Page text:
You can spot a Nigerian email scam without opening it. You know what you’re doing when it comes to keeping ID thieves from conning you. And if someone tried to get the kind of personal information needed to open credit in your name, well, it just wouldn’t happen.
Except it would.
Credit gets stolen using personal information all the time. In the wake of the Equifax breach it’s happening even more than usual.
The Identity Theft Resource Center tracks data breaches every year and publishes a year-end report (full disclosure, my company CyberScout, sponsors it). Last year, the ITRC found that of the 174 million records breached last year, more than 91 percent came from corporate databases.
There are data breaches every day, and while they do not rise to the level of the Equifax event, they still add up in a big way. In fact, it would be a miracle if your data were not somewhere available on the dark web, which is a sort of digital black market.
It Can Be Anything
Consider the December discovery of an enormous cache of unecrypted, searchable login credentials that the dark web analysis firm 4iQ discovered on the dark web.
“This dump aggregates 252 previous breaches, including known credential lists such as Anti Public and Exploit.in, decrypted passwords of known breaches like LinkedIn as well as smaller breaches like Bitcoin and Pastebin sites,” Julio Casal, co-founder of 4IQ explained in a blog post.
The total number of credentials: 1.4 billion. The discovery added 385 million new credential pairs, 318 million unique users, and 147 million passwords to what was already out there.
That’s a big number. It’s the kind of number that should make you take certain precautions. But the easiest one is most often disregarded, at least according to Time Magazine: maintaining good password behavior.
The worst passwords of 2017 were pretty bad: 123456, Password, 12345678, qwerty, 12345, 123456789, letmein, 1234567, football, iloveyou, admin, welcome, monkey, login, abc123, starwars, 123123, dragon, passw0rd, maste, hello, freedom, whatever, qazwsx, trustno1.
Not hard to guess, because they’re not long and strong, or better yet created by a random password generator. But there’s something worse than using weak passwords. The re-use of passwords across accounts is far more dangerous—and common. Hackers know if they find your credentials for LinkedIn (one of the contributing sources to the above-cited credential dump on the dark web), there’s a good chance they will be able to use something similar or identical to hit your financial accounts.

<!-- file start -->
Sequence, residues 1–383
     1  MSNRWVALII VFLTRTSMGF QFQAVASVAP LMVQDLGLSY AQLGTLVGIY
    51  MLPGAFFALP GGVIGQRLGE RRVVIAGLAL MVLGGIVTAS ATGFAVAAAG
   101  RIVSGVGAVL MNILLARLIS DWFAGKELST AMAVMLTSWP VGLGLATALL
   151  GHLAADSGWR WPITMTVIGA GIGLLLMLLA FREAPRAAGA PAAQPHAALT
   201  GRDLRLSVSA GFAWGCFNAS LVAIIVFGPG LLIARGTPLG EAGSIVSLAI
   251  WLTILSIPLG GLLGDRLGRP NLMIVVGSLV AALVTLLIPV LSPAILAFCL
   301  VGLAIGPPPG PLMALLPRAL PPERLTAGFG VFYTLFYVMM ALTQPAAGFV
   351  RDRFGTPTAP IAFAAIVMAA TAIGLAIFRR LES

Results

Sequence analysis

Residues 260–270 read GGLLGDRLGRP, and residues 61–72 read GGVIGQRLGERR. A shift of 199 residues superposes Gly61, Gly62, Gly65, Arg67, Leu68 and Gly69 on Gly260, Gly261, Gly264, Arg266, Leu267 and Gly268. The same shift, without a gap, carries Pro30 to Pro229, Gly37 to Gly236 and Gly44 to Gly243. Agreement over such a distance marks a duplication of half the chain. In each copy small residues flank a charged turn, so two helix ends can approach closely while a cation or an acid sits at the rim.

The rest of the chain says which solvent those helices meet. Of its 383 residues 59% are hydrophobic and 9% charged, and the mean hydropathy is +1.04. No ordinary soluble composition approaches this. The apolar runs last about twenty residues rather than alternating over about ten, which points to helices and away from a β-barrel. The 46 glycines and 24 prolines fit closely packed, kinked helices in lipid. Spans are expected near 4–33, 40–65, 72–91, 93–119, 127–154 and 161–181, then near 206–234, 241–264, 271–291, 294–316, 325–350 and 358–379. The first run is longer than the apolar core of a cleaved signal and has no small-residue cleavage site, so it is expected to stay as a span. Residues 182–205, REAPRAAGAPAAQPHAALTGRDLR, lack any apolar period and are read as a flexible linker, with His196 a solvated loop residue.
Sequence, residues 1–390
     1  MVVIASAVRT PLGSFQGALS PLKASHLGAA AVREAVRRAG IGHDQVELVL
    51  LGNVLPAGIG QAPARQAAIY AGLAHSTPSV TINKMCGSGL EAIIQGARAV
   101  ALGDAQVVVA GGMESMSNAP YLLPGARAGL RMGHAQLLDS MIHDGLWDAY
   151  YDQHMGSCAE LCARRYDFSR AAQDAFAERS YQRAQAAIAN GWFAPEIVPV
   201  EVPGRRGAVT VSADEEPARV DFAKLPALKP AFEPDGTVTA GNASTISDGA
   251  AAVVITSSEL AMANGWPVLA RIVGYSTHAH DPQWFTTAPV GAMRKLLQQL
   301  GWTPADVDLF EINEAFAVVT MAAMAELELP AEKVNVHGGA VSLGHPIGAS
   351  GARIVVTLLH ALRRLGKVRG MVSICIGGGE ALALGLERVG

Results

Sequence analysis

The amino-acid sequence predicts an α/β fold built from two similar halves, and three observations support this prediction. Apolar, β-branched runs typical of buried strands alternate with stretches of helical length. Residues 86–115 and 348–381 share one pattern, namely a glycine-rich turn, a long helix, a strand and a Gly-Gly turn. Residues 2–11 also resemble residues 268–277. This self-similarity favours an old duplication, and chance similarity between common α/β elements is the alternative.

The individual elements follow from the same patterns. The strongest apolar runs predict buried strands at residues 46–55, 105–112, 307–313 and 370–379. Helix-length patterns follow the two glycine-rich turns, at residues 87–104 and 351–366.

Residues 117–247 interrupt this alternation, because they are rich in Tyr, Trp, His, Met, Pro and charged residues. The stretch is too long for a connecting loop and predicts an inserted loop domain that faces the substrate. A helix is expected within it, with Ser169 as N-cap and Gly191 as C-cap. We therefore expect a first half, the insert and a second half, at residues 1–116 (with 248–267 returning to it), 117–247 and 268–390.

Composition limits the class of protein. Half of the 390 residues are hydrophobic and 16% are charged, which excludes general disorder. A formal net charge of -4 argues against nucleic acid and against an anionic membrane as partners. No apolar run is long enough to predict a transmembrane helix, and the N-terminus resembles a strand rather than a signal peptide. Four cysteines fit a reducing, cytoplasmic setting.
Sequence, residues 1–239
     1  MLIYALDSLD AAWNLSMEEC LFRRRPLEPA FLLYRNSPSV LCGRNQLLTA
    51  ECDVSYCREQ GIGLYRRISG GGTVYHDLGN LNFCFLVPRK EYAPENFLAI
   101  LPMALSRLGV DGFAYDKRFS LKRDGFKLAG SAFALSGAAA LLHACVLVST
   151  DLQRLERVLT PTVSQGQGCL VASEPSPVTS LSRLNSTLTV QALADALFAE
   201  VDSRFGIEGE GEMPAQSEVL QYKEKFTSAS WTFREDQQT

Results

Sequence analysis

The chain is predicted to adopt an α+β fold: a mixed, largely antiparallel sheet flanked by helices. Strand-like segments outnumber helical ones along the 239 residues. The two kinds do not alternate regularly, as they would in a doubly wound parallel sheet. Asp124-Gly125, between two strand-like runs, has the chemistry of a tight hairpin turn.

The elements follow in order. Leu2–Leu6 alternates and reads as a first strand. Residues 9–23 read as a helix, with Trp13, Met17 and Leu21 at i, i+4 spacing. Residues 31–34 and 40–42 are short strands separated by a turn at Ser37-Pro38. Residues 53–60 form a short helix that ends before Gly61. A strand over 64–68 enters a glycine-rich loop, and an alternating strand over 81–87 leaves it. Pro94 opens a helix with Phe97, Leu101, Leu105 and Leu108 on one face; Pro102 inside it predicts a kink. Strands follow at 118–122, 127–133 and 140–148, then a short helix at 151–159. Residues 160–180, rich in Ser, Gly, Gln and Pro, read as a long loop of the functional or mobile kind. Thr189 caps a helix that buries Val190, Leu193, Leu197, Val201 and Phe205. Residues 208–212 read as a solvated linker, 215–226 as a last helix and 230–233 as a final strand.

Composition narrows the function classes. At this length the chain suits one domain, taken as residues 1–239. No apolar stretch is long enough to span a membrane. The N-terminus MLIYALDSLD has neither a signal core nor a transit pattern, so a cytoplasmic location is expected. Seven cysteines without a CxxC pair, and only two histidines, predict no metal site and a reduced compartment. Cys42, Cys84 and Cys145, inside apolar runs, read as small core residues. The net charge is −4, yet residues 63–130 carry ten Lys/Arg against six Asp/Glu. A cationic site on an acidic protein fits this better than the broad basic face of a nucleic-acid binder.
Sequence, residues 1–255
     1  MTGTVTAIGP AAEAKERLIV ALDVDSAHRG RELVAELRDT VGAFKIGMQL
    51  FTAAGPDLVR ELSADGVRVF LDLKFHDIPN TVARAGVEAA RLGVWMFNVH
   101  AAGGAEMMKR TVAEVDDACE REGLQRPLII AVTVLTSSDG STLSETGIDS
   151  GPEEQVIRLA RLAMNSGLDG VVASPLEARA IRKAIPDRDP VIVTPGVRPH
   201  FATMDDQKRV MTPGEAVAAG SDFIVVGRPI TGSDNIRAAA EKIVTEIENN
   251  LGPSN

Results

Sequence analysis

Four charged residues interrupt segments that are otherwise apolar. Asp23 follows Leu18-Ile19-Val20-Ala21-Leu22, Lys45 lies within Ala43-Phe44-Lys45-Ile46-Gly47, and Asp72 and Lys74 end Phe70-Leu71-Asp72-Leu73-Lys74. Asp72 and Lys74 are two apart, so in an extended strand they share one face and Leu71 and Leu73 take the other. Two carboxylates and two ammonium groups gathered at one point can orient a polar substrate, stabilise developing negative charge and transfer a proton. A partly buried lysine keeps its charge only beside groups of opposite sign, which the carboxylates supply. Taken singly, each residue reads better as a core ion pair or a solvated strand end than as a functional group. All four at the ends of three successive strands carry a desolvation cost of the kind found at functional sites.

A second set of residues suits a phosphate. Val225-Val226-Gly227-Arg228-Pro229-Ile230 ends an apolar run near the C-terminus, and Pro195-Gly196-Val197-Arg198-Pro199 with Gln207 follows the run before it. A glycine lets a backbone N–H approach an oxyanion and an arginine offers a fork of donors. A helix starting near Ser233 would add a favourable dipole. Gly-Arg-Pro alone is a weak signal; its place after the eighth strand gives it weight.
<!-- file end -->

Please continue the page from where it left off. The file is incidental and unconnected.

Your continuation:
But go ahead and check your accounts right now. You have that all set up so you can do it quickly, right? If you are like most people, you don’t.
How about transaction alerts? You’ll know if this is set up, because a text or email is delivered to you every time you use a credit card or move money from a bank account.
If that sounds like a hassle, it isn’t. There’s something reassuring about those alerts following a purchase, and if something ever pops up that you didn’t trigger—well it’s even more reassuring that you’ll know right away.
But the above only helps with existing accounts, and that’s not the only danger when it comes to credentials being “out there.”
When you “win” the ID theft lottery, and an ID thief locks onto your credentials stored on one of those massive dark web data bases, a criminal can open a new credit account of any kind—a mortgage, a car loan, a new smartphone with wireless or a credit account. They can dip into your email, and figure out what they need to know to do almost anything: take over your healthcare, con your friends, even become you.
According to Javelin Strategy and Research, 2017 saw a new trend. “While credit card accounts remained the most prevalent targets for new account fraud, there was significant growth in the opening of new intermediary accounts, such as email payments (e.g. PayPal) and other internet accounts (e.g. e-commerce merchants such as Amazon) by fraudsters. Although not as easily monetized alone, these account types are invaluable in helping fraudsters transfer funds from the existing accounts of their victims.”
What can you do?
Practice the 3 Ms
1. Minimize your exposure. Don’t authenticate yourself to anyone unless you are in control of the interaction, don’t over-share on social media, be a good steward of your passwords, safeguard any documents that can be used to hijack your identity, and freeze your credit.
2. Monitor your accounts. Check your credit report religiously, keep track of your credit score, review major accounts daily if possible. (You can check two of your credit scores for free every month on Credit.com.)
3. Manage the damage. Make sure you get on top of any incursion into your identity quickly and/or enroll in a program where professionals help you navigate and resolve identity compromises–oftentimes available for free, or at minimal cost, through insurance companies, financial services institutions and employers.
In this Wild West of information insecurity, you are the most qualified person to protect yourself from the dangers that lurk “out there.” But remember, you have to stay on your game, because the bad guys definitely are.